Why Are Americans So Fat?

Too muchDo you have a few pounds and maybe an inch or two that you would rather not have? If so, you aren’t alone. Recent studies claim that over 60% of Americans are overweight or obese.

I know I have carried around extra weight for a number of years. Am I to blame? After all, no one else controls what I put in my mouth (or do they?). I control how much I move around and how many calories I burn (or do I).

Being fat is a relatively new phenomenon.

When I was a kid in the 1950’s, most folks weren’t overweight. Sure, there were some here and there, but not everywhere you looked!

According to WebMd Is Fat the New Normal

“The rate of obesity has climbed dramatically in the past 20 years: A third of adults are obese today, compared to 23% in the late 1980s.”

I can remember others in the world calling Americas fat way before the 1980’s though. It kind of offended me at the time, but how true it is.

Being fat seems endemic.

With only around 40% of the US population of near normal weight, can all the blame for putting on the pounds lie with each of us individually? Many believe there are societal and environmental causes that contribute to our propensity to gain weight and keep it on.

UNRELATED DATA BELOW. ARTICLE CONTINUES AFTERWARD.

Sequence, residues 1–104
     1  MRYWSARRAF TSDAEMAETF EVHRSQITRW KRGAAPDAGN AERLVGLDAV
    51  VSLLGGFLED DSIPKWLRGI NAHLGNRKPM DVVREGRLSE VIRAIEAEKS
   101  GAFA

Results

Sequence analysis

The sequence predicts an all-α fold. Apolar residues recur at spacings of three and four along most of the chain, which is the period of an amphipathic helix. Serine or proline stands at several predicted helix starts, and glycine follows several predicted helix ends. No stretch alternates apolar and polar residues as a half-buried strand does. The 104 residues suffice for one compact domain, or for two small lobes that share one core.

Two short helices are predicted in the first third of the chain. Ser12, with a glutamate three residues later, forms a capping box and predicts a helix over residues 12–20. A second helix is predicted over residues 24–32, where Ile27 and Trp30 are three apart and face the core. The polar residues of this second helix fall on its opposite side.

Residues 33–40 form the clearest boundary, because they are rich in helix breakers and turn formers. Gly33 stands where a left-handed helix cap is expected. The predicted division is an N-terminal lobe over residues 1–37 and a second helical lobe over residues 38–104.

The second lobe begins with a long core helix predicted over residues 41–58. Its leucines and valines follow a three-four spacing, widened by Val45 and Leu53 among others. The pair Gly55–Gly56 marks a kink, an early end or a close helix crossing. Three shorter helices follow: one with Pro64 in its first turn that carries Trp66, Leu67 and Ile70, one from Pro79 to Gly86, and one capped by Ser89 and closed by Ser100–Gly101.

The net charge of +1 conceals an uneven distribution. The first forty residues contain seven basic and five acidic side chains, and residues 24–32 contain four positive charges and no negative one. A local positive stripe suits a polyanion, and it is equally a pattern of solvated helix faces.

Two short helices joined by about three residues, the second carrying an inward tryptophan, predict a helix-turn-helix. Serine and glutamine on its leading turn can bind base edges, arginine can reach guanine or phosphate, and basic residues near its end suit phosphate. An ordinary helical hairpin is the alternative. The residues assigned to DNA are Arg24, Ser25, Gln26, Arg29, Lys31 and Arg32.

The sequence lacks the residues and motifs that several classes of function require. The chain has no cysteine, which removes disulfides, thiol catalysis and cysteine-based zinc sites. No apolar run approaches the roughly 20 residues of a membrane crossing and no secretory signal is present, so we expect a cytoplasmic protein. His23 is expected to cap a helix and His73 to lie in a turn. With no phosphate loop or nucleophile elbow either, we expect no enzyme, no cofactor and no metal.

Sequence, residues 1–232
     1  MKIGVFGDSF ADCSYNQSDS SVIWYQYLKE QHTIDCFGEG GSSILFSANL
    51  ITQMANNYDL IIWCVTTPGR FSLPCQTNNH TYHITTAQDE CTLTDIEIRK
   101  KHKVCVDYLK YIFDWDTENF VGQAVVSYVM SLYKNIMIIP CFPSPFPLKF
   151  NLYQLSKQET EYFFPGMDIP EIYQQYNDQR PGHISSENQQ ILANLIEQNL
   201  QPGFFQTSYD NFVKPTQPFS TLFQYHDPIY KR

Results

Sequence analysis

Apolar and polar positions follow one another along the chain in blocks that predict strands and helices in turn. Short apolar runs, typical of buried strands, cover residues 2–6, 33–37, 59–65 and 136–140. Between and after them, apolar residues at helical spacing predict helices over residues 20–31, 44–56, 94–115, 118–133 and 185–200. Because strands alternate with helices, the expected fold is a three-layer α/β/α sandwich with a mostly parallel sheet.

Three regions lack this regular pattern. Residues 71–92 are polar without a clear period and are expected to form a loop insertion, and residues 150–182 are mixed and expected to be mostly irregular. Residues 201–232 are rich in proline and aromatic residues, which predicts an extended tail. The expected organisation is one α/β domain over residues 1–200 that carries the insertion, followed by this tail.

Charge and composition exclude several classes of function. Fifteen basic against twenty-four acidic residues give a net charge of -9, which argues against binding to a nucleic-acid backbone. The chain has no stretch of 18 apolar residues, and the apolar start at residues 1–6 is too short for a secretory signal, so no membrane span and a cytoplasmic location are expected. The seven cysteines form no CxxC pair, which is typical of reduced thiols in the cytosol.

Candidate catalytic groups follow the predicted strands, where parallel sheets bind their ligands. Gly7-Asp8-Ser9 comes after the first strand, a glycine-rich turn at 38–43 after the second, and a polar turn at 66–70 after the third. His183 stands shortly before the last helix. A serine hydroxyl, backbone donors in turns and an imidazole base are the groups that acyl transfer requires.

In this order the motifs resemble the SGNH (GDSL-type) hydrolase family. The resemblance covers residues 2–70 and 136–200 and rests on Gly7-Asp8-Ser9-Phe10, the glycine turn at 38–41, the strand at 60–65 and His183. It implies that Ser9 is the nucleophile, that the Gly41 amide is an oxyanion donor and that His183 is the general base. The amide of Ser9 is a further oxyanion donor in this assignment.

Societal and environmental causes of weight gain.

We have lost opportunities and inclinations to move about.

Most of us don’t have to walk anywhere. Sometimes we choose to walk, but we no longer need to do so as a means of transportation for the most part. We wake up, stroll to the kitchen, sit in a chair, hop in the car to drive to work, sit in a chair at the office all day, go to lunch with the gang and sit in a chair, hop in the car to drive home, then sit in a chair to watch TV.

We have to make a special effort to exercise, even sometimes spending money to do so.

We are bombarded with images of luscious looking food.

It seems that every commercial or ad or billboard shows us wonderful looking food – and it is always available quickly and easily. It is just a good thing that we don’t have aromas wafting from our sets yet.

Families don’t/can’t take time to cook at home from scratch.

With the advancing numbers of two income families, often there isn’t anyone at home to start the meal. Schedules are so full between 2 working parents and the every increasing business of their children that families look for quick and easy ways to get fed – using calorie filled prepared food instead of basic ingredients or just punting and eating out.

In the article, Two-paycheck couples are quickly becoming the norm a study by the Center for American Progress documents the number of families with no stay-at-home parent: